In a different year, it’s a game winning blast. The type of drive that snaps a losing streak and results in a 180 degree momentum shift. The play makes the season highlight reel, and receives credit for getting things back on track.
Not this year. Not even close.
After a 45-minute rain delay, DJ Stewart stepped to the plate in the eighth inning Monday with a man on and the Birds trailing by one. Stewart walloped a 1-0 four-seam fastball 411 feet to right field to give the Orioles a late inning lead. Sensing the moment, Stewart delivered a straight-faced, two-handed bat flip in the direction of Baltimore’s dugout.
The moment provided Baltimore the best reason to celebrate since the 27th out in John Means’ no hitter. The bat flip seemed appropriate (it didn’t even bother the Twins), but Minnesota had the last laugh. The Twins torched Baltimore’s bullpen and escaped with an 8-3 win. The loss secured the worst record in baseball for the Orioles.
The meltdown hurt, but did not come as a surprise. Baltimore’s bullpen has significantly dropped off, and the Orioles cannot have nice things. Still, the end result robbed Stewart of his hero moment. That fact stings more because Stewart is running out of time.
The Orioles selected Stewart in the first round of the 2015 draft. The Florida State product does not become arbitration eligible until 2023 and would not be a free agent until 2026, but there is a growing chance he does not see either of those years in Baltimore.
The emergence of Cedric Mullins and presence of a healthy Austin Hays appear to rule out two outfield spots for this season and the future. The return of Most Valuable Oriole Anthony Santander from a left ankle sprain appears to give Baltimore three clear choices in the outfield. Ryan Mountcastle is still being asked to play left field from time to time, and Hays and Mullins rule out the need for an extra centerfielder.
Despite that fact, Stewart is still on the roster. So is utility man Stevie Wilkerson, for what it’s worth, but there appears to be a ticking clock. The Orioles’ lack of pitching has created a demand for roster flexibility. The Orioles did not recall Wilkerson until May 18, and he enters play Wednesday with a .368 average.
Stewart enters Wednesday with a .212 average in a larger sample size. He now has 21 hits in 99 at bats. Four of those, including Monday’s moon shot and another blast last night, are home runs.
Stewart emerged as a power threat last season when he managed to hammer six homers in a six-game stretch. Unfortunately, outside of that week, Stewart has just 12 home runs in 333 at bats. But who knows, maybe he has another six-homer week in him right now.
Stewart’s calling card is his ability to get on base. He holds a .333 career OBP, and his .330 total this season checks right around that mark. An above average OBP has been a four-leaf clover in Baltimore over the last decade. Unfortunately, Stewart has been unable to tally other replacement level numbers at the plate.
The left-handed hitter holds a career .221 average. His career WAR sits at -0.6, while he’s at -0.1 so far this season. He’s not fast, there is little defensive versatility, and he does not slug quite like a man named Demetrius Jerome Stewart should.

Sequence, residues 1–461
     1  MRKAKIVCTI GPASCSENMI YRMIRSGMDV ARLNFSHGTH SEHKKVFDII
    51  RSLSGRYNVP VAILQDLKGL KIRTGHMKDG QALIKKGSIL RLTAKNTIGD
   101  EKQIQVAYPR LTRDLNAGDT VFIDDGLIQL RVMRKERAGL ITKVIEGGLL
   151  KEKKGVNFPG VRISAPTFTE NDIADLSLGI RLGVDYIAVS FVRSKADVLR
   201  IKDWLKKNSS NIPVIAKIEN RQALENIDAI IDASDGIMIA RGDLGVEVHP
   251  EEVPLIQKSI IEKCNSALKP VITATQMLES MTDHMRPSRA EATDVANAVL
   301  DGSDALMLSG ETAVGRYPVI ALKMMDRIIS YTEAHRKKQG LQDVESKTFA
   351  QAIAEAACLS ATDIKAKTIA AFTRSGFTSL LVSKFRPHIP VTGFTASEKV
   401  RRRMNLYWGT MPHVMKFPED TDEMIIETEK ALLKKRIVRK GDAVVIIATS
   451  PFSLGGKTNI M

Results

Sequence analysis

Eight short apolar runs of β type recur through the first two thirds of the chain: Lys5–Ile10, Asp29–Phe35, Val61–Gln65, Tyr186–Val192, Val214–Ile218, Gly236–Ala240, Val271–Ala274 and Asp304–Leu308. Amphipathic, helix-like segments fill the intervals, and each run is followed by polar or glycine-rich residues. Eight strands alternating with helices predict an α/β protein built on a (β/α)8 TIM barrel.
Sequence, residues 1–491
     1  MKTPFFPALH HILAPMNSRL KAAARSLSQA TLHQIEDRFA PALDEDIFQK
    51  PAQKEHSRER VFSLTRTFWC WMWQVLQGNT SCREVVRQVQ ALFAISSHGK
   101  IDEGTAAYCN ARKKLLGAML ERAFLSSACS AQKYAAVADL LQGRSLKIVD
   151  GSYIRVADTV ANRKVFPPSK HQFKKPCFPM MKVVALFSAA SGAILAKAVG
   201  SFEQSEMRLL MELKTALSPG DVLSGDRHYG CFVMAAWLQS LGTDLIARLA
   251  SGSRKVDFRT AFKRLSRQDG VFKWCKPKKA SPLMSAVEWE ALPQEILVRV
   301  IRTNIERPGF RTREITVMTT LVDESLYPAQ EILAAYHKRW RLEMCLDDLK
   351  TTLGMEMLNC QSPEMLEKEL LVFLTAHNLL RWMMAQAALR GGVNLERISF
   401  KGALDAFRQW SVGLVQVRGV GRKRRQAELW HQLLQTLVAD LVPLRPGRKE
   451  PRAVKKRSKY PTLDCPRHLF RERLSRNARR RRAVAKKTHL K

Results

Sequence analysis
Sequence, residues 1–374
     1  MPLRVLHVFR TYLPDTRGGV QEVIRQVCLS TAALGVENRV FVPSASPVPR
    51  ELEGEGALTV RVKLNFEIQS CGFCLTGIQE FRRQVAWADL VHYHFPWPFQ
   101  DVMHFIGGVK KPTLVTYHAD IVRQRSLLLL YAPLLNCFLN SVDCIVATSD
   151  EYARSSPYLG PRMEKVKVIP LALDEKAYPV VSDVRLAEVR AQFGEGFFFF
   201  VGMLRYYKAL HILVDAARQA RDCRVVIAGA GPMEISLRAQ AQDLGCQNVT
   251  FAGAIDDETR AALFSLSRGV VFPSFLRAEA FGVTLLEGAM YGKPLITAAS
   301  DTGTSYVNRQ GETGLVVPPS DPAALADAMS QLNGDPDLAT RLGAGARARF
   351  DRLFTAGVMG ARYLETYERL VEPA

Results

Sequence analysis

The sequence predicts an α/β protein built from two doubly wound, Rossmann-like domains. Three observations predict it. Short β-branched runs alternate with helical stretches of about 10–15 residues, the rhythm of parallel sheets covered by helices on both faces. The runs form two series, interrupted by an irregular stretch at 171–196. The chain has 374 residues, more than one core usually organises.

Ryan McKenna has already received a pair of opportunities this year but failed to deliver at the plate. He recorded only four hits in 16 at bats, but his .250/.333/.625 slash line at Norfolk indicates there may be a little pop in the bat after all.
While McKenna holds value on the defensive side, the Orioles have another highly-rated outfielder approaching the majors. It’s difficult to imagine a scenario, outside of injury, that does not involve Yusniel Diaz being promoted this season. Diaz is currently listed on the 7-day IL at Triple-A with a right quadricep strain, but should not miss a significant amount of time. The Orioles need to see what they have in the centerpiece of the Manny Machado deal, and it’s tough to picture him coexisting with Stewart on the 26-man roster.
Stewart does have a minor league option remaining, but this could be his last chance to get regular at bats in Baltimore. Simply put, he needs to hit well enough to stick around or he may never return. A pair of homers this week is a tremendous start.
For one reason or another, Stewart seems to fit the bill of a player that would flounder in Baltimore but figure things out in another organization. He has shown flashes like that week last September, and there are several raw skills present already. It’s not fun to picture Stewart thriving in another American League organization— especially one with a short porch.
Still, the Orioles cannot hold onto players because they think they might blossom elsewhere (see Ruiz, Rio). They can give a player every opportunity to figure it out this season. Stewart has played in 414 games over four seasons, and he hit just .193 in 31 games last year.
Baltimore could trade Santander at the deadline, but the club might not receive a fair offer. There’s no rush to deal Santander, or to make a move at all, and the Orioles will have a full stable regardless. Jahmai Jones will require a look at some point, while McKenna and Diaz need ample time for a true audition.
Stewart still has time for a revelation, but how much time remains to be seen. As for an offensive uptick, there is no better time than the present.